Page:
By Claire West

After a dip in confidence four months ago which raised doubts over the sustainability of the global economic recovery, optimism again appears to be back in fashion across virtually all key markets.

The latest edition of Pulse — the Global Business Outlook survey from KPMG International - reveals that global business optimism around several key indicators now stands at the highest levels ever recorded by the survey.

The Spring 2011 Pulse survey, compiled by research firm Markit Economics on behalf of KPMG International, also shows that confidence across Europe and the US finally appears to be approaching parity with their BRIC counterparts.

In the Winter 2010 Pulse survey, falls of between six and ten points were recorded across many key indicators such as activity, revenues and new orders. Many of those losses have now been recouped. For example, in the services sector, 55 percent of respondents predict an improvement in business activity in the next year. Just eight percent predict a decline; creating a net balance of +47, up from +36 last time around. Similarly strong — and improving - net balances were also recorded against new orders (+42), revenues (+39), profits (+35) and even employment (+19), which has typically lagged all other indicators throughout the recession.

The story is even more promising in the manufacturing sector with four of the top five indicators all recording record highs since the Pulse survey became global in October 2009. Net balances for business activity and new orders both passed the +50 mark, with revenues not far behind at +49. Employment optimism also hit its record mark at +25. At +36, optimism around increased profits may not be at a survey-high point but this figure still represents a nine point improvement from Winter 2010.

Commenting on the latest survey findings, Alan Buckle, Global Head of Advisory at KPMG, said: “I think the most encouraging aspect of these numbers is that the recovery is worldwide. However, while the survey takes some account of events in North Africa and the Middle East, we have yet to see the impact of the tragic events in Japan. The global figures look strong but the US numbers have also rebounded to the levels of last summer while the European numbers have surged even further ahead than that. China and the other high growth economies are no longer alone to blaze the recovery trail. As long as that was the case, the economic recovery always felt somewhat fragile as it lacked wholesale support from the world’s two biggest economic blocs. With Europe and the US now appearing to be properly on board, the recovery feels more robust. However we need to see what the impact is of global events — particularly in Japan.”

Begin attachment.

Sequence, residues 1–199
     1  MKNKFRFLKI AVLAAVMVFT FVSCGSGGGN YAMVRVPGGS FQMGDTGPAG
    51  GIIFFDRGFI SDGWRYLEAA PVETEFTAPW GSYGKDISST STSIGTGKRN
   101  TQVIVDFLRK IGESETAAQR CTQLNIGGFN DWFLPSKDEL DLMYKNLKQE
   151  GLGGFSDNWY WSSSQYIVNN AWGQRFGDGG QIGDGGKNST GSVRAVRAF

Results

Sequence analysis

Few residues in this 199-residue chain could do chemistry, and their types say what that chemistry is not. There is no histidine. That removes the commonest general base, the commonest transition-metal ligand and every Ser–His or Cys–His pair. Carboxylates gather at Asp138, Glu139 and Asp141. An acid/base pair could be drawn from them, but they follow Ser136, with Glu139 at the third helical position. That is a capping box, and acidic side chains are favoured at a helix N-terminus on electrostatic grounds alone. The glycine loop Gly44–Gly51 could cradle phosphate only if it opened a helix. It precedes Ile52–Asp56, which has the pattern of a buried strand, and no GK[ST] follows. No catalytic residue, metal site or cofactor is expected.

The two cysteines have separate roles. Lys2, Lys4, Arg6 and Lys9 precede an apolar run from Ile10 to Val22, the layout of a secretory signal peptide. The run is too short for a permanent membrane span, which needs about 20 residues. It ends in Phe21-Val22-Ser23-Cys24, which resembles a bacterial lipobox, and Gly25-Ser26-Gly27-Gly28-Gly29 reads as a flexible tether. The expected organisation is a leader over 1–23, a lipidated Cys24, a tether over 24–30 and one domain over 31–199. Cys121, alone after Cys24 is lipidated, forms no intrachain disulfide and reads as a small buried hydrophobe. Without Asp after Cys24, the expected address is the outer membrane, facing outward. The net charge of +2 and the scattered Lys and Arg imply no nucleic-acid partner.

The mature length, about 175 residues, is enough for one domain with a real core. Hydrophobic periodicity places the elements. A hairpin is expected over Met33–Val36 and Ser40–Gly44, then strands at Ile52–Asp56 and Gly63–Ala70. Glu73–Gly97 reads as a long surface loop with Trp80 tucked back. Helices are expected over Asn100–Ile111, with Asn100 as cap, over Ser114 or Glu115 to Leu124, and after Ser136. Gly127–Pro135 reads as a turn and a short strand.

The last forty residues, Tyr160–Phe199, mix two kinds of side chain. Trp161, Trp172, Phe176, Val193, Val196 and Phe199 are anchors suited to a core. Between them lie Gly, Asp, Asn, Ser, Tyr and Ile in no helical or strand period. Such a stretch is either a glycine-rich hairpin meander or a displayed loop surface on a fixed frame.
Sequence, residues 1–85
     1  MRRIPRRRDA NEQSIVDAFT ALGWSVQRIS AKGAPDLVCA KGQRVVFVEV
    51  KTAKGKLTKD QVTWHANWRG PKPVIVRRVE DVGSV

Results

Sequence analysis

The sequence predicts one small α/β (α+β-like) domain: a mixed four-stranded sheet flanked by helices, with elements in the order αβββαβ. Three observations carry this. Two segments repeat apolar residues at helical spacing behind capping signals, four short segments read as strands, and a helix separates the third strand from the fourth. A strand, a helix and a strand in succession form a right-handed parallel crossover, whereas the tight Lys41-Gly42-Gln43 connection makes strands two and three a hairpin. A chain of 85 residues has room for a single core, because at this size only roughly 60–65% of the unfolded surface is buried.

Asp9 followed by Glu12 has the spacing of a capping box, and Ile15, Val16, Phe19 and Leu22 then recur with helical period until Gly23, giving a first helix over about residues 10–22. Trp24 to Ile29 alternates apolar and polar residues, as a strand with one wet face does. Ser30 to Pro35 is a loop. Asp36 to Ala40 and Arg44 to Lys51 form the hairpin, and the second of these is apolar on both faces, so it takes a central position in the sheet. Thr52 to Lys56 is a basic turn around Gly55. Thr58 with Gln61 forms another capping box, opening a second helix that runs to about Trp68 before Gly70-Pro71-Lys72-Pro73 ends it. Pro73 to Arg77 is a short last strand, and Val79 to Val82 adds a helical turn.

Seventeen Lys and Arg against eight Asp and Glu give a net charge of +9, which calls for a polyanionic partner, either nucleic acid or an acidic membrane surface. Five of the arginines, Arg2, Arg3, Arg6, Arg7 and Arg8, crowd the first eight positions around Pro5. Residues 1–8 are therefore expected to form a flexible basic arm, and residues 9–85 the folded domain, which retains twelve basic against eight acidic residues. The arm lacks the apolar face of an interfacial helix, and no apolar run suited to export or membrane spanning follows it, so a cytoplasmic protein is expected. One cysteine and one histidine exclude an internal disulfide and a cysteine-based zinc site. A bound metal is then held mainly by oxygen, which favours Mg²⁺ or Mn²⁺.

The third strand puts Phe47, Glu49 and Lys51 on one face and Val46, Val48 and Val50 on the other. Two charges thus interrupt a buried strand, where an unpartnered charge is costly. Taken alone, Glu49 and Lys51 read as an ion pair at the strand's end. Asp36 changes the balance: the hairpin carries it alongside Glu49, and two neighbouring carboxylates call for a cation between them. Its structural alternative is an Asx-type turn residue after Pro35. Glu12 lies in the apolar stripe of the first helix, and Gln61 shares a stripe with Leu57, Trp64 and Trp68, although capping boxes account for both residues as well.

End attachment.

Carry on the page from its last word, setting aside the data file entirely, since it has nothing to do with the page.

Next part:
Unsurprisingly, some problems still remain with inflation appearing to be a key hindrance. In manufacturing for example, belief that input prices will rise in the coming year stands at +47. This is up 17 points from Winter 2010 as increasing commodity prices make their presence felt. Belief that such rises can be passed on via higher output costs is also up 13 points but this still only results in a net balance of +31.

Within the service sector, the trend is the same although the numbers are slightly more muted. The net balance of those expecting input prices to increase rose from +21 to +24 whereas the net balance of respondents expecting to be able to charge higher prices stands at just +15.

Alan Buckle continued: “Prior to recent events in Japan the main dampeners of optimism were the problems of rising commodity prices, the fear of inflation and the need to still bring deficits under control. However, I get more of a feel now that companies are prepared to simply get on and deal with such things. Let’s hope that for business as well as human reasons, events in Japan are quickly under control and this confident survey isn’t invalidated.”